McLaren's double trouble: 650S Sprint & P1 GTR unveiled

August 21, 2014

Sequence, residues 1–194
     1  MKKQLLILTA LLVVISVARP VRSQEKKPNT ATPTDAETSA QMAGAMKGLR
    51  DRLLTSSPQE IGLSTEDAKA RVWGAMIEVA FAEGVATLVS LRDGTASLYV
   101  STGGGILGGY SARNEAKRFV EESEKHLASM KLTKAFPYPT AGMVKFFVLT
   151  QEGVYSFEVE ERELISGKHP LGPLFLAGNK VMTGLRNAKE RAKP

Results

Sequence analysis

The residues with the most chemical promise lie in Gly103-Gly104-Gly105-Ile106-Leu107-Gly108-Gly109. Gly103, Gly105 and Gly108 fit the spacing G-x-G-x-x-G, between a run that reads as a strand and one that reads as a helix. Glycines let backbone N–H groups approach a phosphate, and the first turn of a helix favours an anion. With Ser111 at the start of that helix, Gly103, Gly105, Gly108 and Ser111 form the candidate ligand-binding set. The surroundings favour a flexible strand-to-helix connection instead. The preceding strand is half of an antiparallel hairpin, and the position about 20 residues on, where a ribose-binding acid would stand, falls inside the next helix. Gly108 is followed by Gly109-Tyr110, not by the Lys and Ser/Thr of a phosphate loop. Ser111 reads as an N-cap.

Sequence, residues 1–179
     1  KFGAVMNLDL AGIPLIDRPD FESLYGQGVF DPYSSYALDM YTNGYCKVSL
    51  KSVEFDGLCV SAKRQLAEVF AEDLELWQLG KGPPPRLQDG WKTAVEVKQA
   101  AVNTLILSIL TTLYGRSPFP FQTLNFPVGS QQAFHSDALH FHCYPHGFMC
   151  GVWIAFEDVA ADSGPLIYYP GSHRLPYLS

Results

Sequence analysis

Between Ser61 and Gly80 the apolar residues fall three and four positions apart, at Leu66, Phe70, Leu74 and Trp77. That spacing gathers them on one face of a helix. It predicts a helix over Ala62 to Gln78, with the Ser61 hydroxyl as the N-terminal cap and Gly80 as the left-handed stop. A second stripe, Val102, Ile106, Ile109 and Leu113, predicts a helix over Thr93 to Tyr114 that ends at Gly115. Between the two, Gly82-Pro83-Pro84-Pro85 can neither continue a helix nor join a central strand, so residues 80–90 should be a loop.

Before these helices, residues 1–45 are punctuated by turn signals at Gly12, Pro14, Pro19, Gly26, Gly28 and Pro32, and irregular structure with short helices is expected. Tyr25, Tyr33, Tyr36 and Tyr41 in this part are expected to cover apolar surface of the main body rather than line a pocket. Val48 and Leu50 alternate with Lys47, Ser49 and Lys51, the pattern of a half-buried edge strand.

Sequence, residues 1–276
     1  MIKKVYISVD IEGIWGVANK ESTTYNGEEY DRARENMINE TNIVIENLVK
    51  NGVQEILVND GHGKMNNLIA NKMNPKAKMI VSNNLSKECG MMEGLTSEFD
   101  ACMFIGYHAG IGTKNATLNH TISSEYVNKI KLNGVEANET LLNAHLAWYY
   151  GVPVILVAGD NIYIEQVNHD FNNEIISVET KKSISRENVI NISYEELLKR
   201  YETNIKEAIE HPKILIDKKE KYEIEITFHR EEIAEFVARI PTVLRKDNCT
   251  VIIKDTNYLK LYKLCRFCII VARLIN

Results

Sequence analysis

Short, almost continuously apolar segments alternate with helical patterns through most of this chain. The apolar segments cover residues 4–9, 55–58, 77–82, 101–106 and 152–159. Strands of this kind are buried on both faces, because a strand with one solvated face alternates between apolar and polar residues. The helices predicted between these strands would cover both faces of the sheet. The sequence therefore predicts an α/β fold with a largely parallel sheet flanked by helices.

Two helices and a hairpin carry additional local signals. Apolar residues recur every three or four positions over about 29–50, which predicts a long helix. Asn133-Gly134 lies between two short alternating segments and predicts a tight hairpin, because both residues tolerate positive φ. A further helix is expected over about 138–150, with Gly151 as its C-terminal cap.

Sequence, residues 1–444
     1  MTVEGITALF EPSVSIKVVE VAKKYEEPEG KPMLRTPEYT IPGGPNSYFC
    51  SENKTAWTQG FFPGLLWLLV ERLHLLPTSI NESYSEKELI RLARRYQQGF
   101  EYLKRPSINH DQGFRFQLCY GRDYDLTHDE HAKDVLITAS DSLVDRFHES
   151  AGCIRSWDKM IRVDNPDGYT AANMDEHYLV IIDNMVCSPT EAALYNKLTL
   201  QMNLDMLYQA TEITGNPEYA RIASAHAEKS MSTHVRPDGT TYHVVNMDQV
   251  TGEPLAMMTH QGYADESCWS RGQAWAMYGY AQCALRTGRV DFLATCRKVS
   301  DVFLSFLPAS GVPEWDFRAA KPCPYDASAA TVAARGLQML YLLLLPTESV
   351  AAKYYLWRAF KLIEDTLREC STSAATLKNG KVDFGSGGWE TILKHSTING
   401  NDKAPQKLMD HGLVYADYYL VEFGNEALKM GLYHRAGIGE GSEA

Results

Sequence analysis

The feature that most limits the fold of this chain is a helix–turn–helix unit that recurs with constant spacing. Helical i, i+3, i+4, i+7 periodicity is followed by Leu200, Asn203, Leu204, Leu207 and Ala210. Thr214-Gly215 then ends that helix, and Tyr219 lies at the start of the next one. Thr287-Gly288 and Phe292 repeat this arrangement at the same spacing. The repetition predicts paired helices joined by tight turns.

You know what they say: two heads are better than one. Now take the word 'heads' and replace it with 'track-only, massively fast, mind-boggling supercars.' Granted, it's not as catchy. But for McLaren, they are words to soothe the soul. We knew the P1 GTR was coming - we spoke about it here - so as much as we aren't surprised we are still as excited as a fat kid in a cake shop. But hot on the heels of the 650S coupe and the announcement of the MSO 650S, the 650S Sprint is a genuine surprise - although if we had thought about it logically, it was predictable. After all, the 12C had a Sprint version made, as we found out when we raced it against a Ferrari 458 Challenge at Abu Dhabi's Yas Marina circuit. Both super hypercars were unveiled last weekend at Pebble Beach Concours d'Elegance - an extremely high-end car meet held on the famous final two holes of Pebble Beach golf course in California, US. Although it may cost AED 1.2 million, the 650S Sprint doesn't come with a new engine; the road version's 3.8-litre twin-turbo still resides beneath the bonnet. But with a more developed brake system, refined aerodynamics, increased levels of downforce, greater chassis control and some serious weight stripping, you can expect this car to dominate others in its class with typical McLaren grace. Plus, it looks fantastic, as you can see below. [gallery link="none" ids="7116,7114,7115,7120,7119,7118,7117"] The British manufacturer has billed the P1 GTR as 'the vehicle for the world's most exclusive drivers' club'. Normally, we'd find a way to disagree with such obvious marketing syrup, but when you look at the facts - and the P1 GTR really is all about the facts - it's hard to disagree. Increased power to 986 horsepower; a more aggressive front splitter; slick tyres; a fixed ride height; F1-inspired DRS from the huge rear wing; a push-to-pass boost button...we could go on. There are notable changes from the P1 that suggest that, unlike the 650S Sprint - which is pretty much an improved and streamlined version of the existing 650S - there have been genuine upheavals to make the GTR something more than just 'a faster version'. The bodywork is ‘shrink-wrapped’ around the carbon fibre chassis and is designed to channel the air from around the front wheels. An aerodynamic blade is located behind the wheelarch to clean the air from the front tyres which is then directed to flow along the bottom edge of the doors, along the flank of the carbon fibre bodywork, to an additional side panel at the rear which ducts additional air into the high temperature radiator and improves the aerodynamic performance of the rear floor. This isn't motoring; it's rocket science. It's also the attention to the most minisucle of details that makes the P1 GTR incredibly special. For example, McLaren has re-profiled the low temperature radiator ducts so that they flow into the leading edge of the flared front wheel arches. They're improving the car with aesthetic changes to its radiator ducts. At the end of the day however, the few owners of the P1 GTR may care for none of that. They may just love how it looks. And so do we. [gallery link="none" ids="7123,7124,7121,7125,7122"]